30 April 2021

Fuel and diesel ban: What does it mean for the bulk logistics industry?

The 26th of July 2017 marked a political milestone, with the UK shocked by the government’s announcement abolishing the sale of new petrol, diesel cars and light commercial vehicles (LCVs).

Originally set for 2040, the legislation has now been brought forward to 2030 in an attempt to tackle Britain’s problem with pollution. The 2030 ban, under the government’s green plan, will have a significant impact across several industries, from automotive to manufacturing, fleet and leasing to fuel logistics distribution.

Here, we explore the possible impacts this legislation could have on the fuel logistics industry and the key considerations which need to be taken now ahead of the 2030 ban.

Acting now

Under government plans, the ban on selling new petrol, diesel or hybrid cars in the UK has been brought forward from 2040 to 2030. While new cars and vans powered wholly by petrol and diesel will not be sold in the UK from 2030, some hybrid vehicles will still be allowed up until 2035.

While these timelines may appear some time away, it is imperative that the fuel logistics industry look to act now in preparation for the ban on these vehicles, particularly those businesses with large fleets of traditionally fuelled cars and vans.

Key challenges and considerations for the fuel logistics industry include:

  • Assessing numbers of traditionally fuelled vehicles within large fleets which need replacement.
  • The cost and implementation of bringing in electric fleets.
  • Consideration of continuing using existing hybrid cars and vans until 2035.

Electric vehicle (EV) infrastructure

The announcement has significant implications for fleet operators, particularly those that are considering what the move to electric means for their fleet.

The environmental and financial benefits associated with transitioning to electric vehicles is apparent. However, for those fleet operators looking to fast-track the transition to electric vehicle fleets by 2030, there are still concerns around the support required for an EV infrastructure from the government.

Not only will the transition require careful planning, but there have also been widespread concerns about barriers to the EV rollout due to a lack of on-street charge points and government funding to support such a widespread EV infrastructure.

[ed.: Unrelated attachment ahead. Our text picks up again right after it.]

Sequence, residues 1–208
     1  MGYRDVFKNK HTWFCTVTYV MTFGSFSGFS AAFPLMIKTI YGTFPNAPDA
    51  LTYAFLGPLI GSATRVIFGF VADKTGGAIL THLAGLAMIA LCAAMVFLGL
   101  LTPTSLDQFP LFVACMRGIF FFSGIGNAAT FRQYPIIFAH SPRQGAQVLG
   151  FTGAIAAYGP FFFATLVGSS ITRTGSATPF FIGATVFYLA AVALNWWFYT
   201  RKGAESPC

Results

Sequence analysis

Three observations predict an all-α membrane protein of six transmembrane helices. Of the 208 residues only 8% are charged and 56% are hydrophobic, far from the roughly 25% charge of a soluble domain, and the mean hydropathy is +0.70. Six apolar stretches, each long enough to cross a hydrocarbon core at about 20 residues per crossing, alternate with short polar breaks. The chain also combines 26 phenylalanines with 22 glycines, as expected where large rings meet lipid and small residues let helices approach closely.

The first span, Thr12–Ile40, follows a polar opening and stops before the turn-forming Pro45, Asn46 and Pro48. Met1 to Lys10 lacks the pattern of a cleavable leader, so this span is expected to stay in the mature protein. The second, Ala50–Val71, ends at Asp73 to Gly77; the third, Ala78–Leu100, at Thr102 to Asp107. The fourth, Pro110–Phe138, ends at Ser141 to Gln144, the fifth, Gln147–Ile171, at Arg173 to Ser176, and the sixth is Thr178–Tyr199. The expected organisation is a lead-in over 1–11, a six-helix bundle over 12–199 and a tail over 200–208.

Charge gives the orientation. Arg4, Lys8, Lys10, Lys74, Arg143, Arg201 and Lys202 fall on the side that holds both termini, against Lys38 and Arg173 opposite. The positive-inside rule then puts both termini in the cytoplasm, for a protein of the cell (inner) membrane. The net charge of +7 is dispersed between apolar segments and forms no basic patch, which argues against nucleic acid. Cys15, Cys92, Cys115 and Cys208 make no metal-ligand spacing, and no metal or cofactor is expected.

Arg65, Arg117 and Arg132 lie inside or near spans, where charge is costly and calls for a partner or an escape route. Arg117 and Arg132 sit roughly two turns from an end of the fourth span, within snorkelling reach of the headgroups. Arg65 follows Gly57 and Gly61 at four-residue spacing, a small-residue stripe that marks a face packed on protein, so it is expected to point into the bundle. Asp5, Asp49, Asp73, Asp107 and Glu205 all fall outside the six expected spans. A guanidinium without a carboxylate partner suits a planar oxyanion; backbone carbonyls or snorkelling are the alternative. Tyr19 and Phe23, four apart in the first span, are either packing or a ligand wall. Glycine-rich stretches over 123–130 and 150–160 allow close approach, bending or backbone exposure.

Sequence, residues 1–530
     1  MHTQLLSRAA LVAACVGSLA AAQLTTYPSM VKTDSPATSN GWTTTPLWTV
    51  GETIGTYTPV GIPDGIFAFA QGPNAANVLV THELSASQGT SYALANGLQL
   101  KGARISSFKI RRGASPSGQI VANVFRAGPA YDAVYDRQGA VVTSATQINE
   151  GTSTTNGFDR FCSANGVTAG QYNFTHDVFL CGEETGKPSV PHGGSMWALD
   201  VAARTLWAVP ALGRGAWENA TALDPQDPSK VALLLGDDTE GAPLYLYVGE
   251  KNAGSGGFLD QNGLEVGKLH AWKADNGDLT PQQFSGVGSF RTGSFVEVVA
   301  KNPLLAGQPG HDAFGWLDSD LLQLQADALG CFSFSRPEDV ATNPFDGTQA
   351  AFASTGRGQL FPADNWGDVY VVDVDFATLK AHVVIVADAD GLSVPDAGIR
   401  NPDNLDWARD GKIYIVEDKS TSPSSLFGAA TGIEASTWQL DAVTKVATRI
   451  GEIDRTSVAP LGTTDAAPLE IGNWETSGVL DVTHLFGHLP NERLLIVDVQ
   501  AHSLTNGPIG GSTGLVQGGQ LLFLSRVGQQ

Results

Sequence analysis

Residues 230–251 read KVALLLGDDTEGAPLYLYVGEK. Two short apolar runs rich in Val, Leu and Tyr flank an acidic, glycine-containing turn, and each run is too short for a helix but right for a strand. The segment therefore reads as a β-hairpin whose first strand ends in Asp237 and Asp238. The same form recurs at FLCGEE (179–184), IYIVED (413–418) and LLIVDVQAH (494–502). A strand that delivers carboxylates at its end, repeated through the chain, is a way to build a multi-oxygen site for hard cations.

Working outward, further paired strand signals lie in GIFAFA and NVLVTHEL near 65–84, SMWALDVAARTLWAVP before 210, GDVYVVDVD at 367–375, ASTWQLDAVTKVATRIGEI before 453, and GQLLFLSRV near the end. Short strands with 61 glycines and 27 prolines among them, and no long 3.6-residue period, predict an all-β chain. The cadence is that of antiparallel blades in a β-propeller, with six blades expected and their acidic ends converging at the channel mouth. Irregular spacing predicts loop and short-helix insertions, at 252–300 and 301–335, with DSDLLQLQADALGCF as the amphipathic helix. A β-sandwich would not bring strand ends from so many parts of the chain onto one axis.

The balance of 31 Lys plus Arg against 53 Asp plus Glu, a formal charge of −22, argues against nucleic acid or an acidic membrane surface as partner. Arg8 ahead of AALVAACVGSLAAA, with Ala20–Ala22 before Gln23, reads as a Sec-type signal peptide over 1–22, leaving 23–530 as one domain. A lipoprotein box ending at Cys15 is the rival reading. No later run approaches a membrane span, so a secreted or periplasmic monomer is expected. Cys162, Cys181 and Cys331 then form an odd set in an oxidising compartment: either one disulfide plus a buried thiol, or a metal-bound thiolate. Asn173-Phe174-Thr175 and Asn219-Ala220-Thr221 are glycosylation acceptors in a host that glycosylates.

Denise Beedell, Logistics UK policy manager for Vans and Urban, said: “While the logistics industry remains fully committed to transitioning to zero-emission vehicles, with many operators already starting this process, an industry-wide adoption of the policy will only be possible if the government takes urgent action to support the reinforcement of power supply infrastructure required to run electric fleets, as well as introducing a fairer and more equitable way of funding grid reinforcements and energy upgrades.”


While the momentum throughout the fuel logistics industry is shifting towards EV fleets ahead of the UK ban, there are still concerns over the costs involved if a logistics company doesn’t have the sufficient energy supply to power its electric vehicle fleet.

Fears over the potential for companies to have to pay for local electricity hub upgrades in addition to the premium cost involved to buy electric vehicles, which are more expensive than conventionally powered vehicles, are growing concerns. Financial unease is an issue that the government will need to address and take action in order to reduce the likelihood of these additional expenses.

Adopt fuel logistics optimisation

Whatever 2030 brings, it’s clear that the fuel logistics businesses that thrive will be those who are agile and flexible in their operational approach. Mobile computing technology and digitisation can help fuel distributors maximise efficiencies and adapt to unexpected change. 

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